Redash has nice guides for deploying it to different places, but for now, let’s stay with docker-compose, and you can figure out how to deploy it to some EC2 on your own. I’ve copied the docker-compose definitions into my project so I’ll have the Redash instance in the same docker network as my “analytical database” with the AWS CUR data.
Once you start the instance, you’ll have to create the first admin user. After that, create the data source connection for our analytical database. You can connect Redash to a wide range of data sources and can have multiple connections that you can then query at will and compile into dashboards.
And make sure you test that the connection works.
Redash has a pretty solid text editor, but I still like to write queries in DataGrip if I can and only then copy them into Redash for final touches.
CUR dashboards in Redash
Now that we have Redash prepared, let’s write some queries. Let’s say I want to know how much our Gitlab Runners on the Spot instances cost us every week and how much we’re saving compared to On-Demand prices.
( SELECT DATE_PART('year', identity_time_from) || '-' || DATE_PART('week', identity_time_from) as week, CASE WHEN product_product_family = 'Compute Instance' THEN product_instance_type ELSE product_product_family END as product, SUM(line_item_unblended_cost)::numeric(37, 4) AS cost FROM aws_cur WHERE resource_tags_user_user_application IN ('Gitlab CI Runner') GROUP BY 1, 2 ORDER BY 1 DESC, 3 DESC, 2 ) UNION ALL ( SELECT DATE_PART('year', identity_time_from) || '-' || DATE_PART('week', identity_time_from) as week, 'On-Demand' as product, SUM(pricing_public_on_demand_cost)::numeric(37, 4) AS cost FROM aws_cur WHERE resource_tags_user_user_application IN ('Gitlab CI Runner') GROUP BY 1, 2 ORDER BY 1 DESC, 3 DESC, 2 );
And I also want to know how many hours they’re running.
SELECT DATE_PART('year', identity_time_from) || '-' || DATE_PART('week', identity_time_from) as week, product_instance_type, SUM(line_item_usage_amount)::numeric(37, 4) AS usage_hours FROM aws_cur WHERE resource_tags_user_user_application IN ('Gitlab CI Runner') AND product_product_family = 'Compute Instance' AND product_marketoption != 'OnDemand' AND pricing_unit IN ('Hours', 'Hrs') GROUP BY 1, 2 ORDER BY 1 DESC, 3 DESC, 2;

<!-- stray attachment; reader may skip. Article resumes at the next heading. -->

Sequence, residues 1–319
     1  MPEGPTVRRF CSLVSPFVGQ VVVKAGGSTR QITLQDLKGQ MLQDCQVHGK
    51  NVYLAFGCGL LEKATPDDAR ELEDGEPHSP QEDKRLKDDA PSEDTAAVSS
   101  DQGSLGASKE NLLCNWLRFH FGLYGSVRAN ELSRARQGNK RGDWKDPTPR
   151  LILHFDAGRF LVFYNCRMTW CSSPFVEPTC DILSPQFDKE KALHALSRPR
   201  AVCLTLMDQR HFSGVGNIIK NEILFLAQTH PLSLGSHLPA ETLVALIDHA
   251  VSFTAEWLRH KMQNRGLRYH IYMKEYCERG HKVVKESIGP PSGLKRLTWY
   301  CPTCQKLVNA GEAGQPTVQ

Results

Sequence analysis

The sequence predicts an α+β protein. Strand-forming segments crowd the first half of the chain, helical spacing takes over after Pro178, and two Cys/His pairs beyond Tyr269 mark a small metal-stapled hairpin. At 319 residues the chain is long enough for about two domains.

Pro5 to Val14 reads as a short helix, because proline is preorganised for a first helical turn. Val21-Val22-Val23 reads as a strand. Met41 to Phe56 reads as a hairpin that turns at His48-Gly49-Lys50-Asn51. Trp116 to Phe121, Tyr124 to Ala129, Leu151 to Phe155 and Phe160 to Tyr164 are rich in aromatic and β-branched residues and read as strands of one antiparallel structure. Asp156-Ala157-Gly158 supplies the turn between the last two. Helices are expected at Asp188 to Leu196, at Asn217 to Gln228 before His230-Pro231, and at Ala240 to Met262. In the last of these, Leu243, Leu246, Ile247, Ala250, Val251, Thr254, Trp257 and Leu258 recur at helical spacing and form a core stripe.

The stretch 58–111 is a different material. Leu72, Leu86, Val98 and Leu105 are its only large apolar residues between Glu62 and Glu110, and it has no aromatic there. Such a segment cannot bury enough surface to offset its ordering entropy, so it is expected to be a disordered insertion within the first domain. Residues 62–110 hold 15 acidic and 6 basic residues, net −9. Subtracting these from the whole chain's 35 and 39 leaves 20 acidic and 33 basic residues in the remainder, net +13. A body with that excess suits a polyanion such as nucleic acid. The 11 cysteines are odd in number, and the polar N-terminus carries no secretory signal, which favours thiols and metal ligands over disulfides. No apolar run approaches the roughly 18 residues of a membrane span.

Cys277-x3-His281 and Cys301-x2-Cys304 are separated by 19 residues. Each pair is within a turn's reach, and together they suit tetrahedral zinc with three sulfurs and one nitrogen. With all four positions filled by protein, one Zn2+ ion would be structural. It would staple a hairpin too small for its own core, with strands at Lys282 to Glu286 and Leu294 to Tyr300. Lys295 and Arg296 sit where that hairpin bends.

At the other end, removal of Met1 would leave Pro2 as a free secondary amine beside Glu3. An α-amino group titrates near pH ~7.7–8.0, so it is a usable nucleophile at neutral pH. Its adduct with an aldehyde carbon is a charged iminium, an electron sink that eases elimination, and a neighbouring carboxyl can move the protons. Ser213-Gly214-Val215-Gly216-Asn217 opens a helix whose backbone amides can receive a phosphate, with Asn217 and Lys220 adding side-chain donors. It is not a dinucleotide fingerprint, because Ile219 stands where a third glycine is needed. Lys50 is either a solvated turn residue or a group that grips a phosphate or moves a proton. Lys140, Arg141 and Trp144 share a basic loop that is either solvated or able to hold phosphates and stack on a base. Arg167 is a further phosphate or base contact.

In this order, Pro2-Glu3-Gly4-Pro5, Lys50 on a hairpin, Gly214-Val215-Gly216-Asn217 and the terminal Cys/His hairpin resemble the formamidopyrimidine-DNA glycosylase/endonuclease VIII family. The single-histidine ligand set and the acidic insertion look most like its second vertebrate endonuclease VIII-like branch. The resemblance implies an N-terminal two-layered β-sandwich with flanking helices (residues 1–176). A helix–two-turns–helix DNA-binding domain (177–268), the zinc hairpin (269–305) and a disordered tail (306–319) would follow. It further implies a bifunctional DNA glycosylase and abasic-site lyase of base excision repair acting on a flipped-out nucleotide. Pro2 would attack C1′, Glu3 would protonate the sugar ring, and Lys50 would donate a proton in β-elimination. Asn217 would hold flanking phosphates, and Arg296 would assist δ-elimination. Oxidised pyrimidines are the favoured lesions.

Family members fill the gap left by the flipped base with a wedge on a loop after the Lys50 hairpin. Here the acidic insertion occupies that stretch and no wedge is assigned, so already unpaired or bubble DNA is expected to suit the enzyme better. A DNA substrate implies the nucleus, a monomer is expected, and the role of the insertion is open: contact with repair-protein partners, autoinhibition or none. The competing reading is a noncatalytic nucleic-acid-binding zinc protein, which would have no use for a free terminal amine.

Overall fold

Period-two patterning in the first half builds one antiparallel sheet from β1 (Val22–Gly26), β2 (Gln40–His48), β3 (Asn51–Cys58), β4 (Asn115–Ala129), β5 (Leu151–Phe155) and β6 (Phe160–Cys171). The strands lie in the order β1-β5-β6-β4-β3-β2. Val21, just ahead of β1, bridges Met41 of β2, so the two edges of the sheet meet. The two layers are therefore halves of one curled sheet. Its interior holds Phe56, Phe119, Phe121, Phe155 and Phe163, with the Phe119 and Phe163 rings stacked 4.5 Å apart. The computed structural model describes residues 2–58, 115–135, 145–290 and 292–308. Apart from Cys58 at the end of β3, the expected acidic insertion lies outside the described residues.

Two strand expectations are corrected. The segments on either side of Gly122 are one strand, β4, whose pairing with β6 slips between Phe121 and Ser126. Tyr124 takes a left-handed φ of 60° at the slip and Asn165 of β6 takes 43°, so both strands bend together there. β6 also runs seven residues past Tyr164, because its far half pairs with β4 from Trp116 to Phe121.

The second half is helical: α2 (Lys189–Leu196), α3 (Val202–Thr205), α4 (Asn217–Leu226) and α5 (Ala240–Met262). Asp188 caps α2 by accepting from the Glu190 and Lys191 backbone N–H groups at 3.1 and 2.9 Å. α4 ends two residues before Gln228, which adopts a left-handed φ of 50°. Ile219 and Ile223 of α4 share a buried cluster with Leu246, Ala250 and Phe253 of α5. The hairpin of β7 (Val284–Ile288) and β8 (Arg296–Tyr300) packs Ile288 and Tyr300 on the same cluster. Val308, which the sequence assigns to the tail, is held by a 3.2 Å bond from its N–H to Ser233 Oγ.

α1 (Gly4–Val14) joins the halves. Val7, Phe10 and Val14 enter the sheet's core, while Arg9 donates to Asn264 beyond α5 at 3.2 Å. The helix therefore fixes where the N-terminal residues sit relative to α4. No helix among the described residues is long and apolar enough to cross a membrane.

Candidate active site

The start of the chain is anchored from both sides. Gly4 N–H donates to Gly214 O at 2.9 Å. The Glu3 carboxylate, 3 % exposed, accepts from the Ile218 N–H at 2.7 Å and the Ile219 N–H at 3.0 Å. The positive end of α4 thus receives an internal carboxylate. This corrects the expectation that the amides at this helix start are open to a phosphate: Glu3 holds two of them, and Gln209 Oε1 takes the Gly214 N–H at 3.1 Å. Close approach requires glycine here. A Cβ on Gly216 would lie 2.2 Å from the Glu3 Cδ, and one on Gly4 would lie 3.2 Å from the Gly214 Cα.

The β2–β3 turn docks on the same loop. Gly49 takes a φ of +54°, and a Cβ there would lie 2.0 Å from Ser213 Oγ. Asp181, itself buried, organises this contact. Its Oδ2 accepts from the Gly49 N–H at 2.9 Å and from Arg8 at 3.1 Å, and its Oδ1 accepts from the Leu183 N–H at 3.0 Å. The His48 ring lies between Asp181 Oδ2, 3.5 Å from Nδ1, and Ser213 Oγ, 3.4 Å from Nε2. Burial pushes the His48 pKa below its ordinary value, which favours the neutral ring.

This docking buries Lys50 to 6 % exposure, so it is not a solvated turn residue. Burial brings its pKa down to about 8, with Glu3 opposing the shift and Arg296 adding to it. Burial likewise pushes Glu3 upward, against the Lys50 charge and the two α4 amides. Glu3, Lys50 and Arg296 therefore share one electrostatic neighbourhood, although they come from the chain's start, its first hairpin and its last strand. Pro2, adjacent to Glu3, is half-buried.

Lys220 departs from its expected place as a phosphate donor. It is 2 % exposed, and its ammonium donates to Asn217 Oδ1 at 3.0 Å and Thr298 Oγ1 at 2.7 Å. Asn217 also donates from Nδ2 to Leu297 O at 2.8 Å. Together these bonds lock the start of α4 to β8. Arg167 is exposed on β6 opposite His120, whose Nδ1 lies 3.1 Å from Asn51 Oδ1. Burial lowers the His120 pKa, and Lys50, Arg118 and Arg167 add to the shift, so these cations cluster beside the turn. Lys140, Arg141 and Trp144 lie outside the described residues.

Create two queries, add a visualization for them, put them in a dashboard, and you’re done!
Once you’re done playing, you’ll obviously want to have all of this deployed somewhere so your colleagues can also see it. But there is still that pesky manual step of loading the CUR data into our analytical database - could we somehow automate that?
Once you outgrow hot-glued hacky scripts in AWS Lambdas that keep breaking every other month, you’ll start looking for some solution that can orchestrate data manipulation, transformations and orchestrations for you. I’m not saying Keboola is the best there is, but I’ve seen it in many companies, and it works reasonably well.
With Keboola, we can:
- load the data from the AWS S3 bucket into their platform
- use SQL or Python transformations to clean the data
- write the data into a provisioned Snowflake database
- connect our Redash to that provisioned Snowflake database
- query it the exact same way we did with PostgreSQL, but now with the power of cloud
If you’re cheap, you can use it without Snowflake, but that would be a shame because even though Snowflake is pretty expensive, it’s also extremely fast for analytical queries, which is exactly what we’re doing here.
Also, since the smart people in Keboola know the value of AWS CUR, they’ve prepared a plug-and-play component that correctly extracts the data from your AWS account for you, so you don’t have to code anything, and they’ll be maintaining it for you.
The ideal state
My main point was to show AWS CUR and Redash. You don’t need Keboola if you’re only going to process CUR. Alternatively, AWS can pipe the CUR into Athena or Redshift, which can also be queried from Redash. But suppose you want to tackle data analytics problems seriously. In that case, you will need some data ops platform sooner or later, and I’ve only ever seen Keboola in the companies I’ve worked for, so I don’t have better advice for you right now.
So what should all of this ideally look like if we put it together?
- Setup the AWS Cost and Usage Reports
- Keboola orchestration will regularly load it using their extractor
- The orchestration will write it into a Snowflake database
- Redash is connected to that database and can query it
- Your colleagues can access the Redash dashboards, which show the newest data
And now you have visibility into your AWS bill.
Autor: Filip Procházka